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By: Nghiinomenwa Erastus

For those contemplating whether to grow crops and fruits or not, Namibian’s demand for horticultural products is expanding and currently stands at 110 999,47 tons.

This represents an increase of 45 886,47 tons from 65,113 tons that the population demanded in 2018/19.

In monetary value, the country’s demand for horticultural products is valued at N$957,3 million in the 2020/21 financial year.

Compared to N$438,2 million worth of products demanded in 2018/2019. 

According to the Namibia Agronomic Boards (NAB) second edition of Seasons Harvest report for 2021

Despite this growing need, local production cannot meet demand. Most of the supply comes from across the orange river.

According to NAB, local production contributes only 48% to the horticulture (fresh fruits and vegetables) formal domestic demand and the remaining 52% is imported mainly from South Africa.

This is determined using the Market Share Promotion (MSP) scheme.

The board updates revealed that domestic horticulture production increased from 5% in 2004 to 47% in 2019.

The MSP scheme requires fresh fruits and vegetable importers to procure Namibian horticultural products equivalent to the minimum percentage factor in monetary value per quarter.

The minimum MSP currently stands at 48%. It serves as a prerequisite to obtaining an import permit, which means that only traders/importers who have achieved their minimum MSP can import horticultural products unrestricted.

One of the horticultural products with a high demand locally is potato, but domestic farmers cannot meet demand due to various factors. 

The NAB report highlighted that potato is the most consumed horticultural produce in Namibia, with more than 33 000 tons traded through the formal market during the 2018/19 financial year.

More than 23 000 tons were imported from South Africa.

The NAB report indicated that potato farming remains a challenge in Namibia, especially regarding access to seeds and value addition.

For local farmers to access good quality seed potatoes, the board found that local producers have to order seeds in bulk at least three months in advance, which has negatively affected local potato production.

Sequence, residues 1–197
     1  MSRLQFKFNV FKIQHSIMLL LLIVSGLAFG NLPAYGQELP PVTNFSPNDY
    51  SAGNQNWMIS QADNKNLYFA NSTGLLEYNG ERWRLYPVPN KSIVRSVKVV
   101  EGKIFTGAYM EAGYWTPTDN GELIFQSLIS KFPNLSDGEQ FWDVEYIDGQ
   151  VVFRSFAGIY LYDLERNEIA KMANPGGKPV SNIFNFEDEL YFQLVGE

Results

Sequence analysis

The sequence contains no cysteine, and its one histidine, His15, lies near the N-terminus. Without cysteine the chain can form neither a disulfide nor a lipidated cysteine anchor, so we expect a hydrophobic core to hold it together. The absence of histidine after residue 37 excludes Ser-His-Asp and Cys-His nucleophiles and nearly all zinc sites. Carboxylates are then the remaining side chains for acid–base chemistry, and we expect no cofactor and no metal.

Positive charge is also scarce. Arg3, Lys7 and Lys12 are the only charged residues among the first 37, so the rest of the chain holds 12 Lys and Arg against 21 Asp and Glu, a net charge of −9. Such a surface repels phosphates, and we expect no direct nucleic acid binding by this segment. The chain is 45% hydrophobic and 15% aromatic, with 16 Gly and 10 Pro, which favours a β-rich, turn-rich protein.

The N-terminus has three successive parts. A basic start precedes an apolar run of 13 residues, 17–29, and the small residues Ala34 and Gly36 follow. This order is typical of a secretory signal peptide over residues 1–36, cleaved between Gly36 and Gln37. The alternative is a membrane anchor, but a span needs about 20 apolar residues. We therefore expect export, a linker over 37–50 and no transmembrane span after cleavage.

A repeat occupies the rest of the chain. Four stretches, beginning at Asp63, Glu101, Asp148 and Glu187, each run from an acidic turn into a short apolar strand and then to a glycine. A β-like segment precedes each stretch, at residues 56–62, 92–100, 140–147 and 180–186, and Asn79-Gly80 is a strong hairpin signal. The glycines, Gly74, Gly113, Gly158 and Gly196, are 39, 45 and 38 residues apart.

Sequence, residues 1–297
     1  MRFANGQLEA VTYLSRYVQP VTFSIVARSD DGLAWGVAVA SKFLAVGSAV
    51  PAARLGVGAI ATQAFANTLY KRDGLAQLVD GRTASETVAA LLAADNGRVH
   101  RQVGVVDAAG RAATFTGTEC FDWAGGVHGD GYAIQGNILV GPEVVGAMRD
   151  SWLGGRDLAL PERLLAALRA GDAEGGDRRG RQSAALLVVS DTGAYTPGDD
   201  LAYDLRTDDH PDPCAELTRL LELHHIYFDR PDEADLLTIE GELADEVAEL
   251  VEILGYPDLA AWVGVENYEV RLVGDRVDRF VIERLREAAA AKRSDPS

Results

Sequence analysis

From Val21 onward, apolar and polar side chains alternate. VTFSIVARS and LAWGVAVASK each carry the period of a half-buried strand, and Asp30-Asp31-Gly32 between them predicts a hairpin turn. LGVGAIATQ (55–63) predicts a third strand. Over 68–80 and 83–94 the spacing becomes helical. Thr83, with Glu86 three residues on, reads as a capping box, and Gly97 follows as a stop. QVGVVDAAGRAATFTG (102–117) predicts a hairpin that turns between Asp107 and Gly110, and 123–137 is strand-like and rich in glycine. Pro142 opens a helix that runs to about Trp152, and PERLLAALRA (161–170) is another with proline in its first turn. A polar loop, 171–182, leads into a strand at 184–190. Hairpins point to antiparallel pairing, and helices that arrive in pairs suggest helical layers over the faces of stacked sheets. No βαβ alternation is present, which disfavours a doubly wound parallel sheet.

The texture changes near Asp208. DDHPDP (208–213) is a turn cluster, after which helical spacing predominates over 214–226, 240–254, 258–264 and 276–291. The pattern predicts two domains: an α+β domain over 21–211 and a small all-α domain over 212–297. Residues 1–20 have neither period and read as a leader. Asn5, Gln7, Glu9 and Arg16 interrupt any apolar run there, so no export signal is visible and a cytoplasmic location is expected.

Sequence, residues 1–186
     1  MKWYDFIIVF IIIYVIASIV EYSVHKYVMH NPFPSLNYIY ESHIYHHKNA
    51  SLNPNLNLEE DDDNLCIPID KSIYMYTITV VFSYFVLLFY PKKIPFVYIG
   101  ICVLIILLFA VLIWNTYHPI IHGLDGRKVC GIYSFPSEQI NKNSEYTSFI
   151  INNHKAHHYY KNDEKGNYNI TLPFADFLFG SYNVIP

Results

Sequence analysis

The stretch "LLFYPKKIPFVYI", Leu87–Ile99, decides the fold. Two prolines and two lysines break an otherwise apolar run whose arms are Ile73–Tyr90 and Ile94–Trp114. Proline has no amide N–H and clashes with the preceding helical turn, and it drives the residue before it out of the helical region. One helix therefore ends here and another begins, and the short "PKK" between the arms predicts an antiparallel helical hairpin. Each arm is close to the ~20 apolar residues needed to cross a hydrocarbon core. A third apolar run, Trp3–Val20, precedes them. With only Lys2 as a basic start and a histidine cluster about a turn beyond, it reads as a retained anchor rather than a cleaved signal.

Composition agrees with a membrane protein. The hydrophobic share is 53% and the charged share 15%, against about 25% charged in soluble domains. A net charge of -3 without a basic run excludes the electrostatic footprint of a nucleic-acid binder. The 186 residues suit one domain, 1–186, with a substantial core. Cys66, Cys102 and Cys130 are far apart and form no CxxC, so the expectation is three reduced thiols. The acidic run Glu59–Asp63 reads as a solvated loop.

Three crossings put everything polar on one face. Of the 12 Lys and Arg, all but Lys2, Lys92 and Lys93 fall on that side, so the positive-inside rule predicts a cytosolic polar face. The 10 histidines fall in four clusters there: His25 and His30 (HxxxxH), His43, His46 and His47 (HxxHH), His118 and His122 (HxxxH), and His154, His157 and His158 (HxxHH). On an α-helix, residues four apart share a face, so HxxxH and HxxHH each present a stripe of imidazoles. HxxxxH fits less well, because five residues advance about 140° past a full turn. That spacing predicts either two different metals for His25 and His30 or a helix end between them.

Moreover, potato breeding in Namibia is non-existent as seed potatoes are sourced from South Africa, which is costly.

The board said Namibian potato growers have especially expressed concern about the limited supply of seed potatoes from South Africa from February to May each year due to South African seed producing companies prioritising their local farmers first.

To facilitate the development of the potato value chain, the NAB collaborated with the University of Namibia and some farmers in conducting on-farm trials to test new seed potato varieties obtained from the Comptoir Du Plant company in France.

The first trial harvest was done this year.

The aim was to assess the adaptability of six French potato varieties to the Namibian soil and climatic conditions.

The successful varieties will be used to close the gap in accessing quality and affordable seed potato varieties that are adaptable to Namibia’s soil and climatic conditions.

A second trial on the French varieties is recommended to be conducted to assure each variety’s expected performance.

In enabling the access to market for local producers, the NAB has also developed a Horticulture Special Control Products (SCP) Scheme in 2012. 

The scheme allows for implementing import restrictions on selected horticultural products during times of sufficient local production.

It also encourages fresh produce traders to source locally produced horticultural products.

The scheme started with only two products (potatoes and onions) in 2012, and currently, there are 16 products; potatoes, onions, cabbages, butternuts, tomatoes, carrots, sweet peppers, English cucumbers, sweet potatoes, beetroot, gem squash, watermelons, sweet melons, pumpkins, sweetcorn and lettuce (Iceberg). 

A recent assessment by Agribank has also revealed that upcoming and agri-preneurs are struggling to access off-take agreements buyers- citing consistency and quality issues from local farmers.

However, NAB is still calling on producers to take advantage of the horticultural crops with shortages in the market, such as potatoes, sweet potatoes, sweet pepper, and gem squash.

This can be done through a market-led production approach to ensure that every product produced on the farm has a market before it is planted.

Furthermore, to enhance governance and smoothen the implementation of the MSP by the NAB, all persons involved in the production, processing, storage and marketing of controlled horticultural crops in Namibia are encouraged to register with the NAB. Email: erastus@thevillager.comna



Julia Heita

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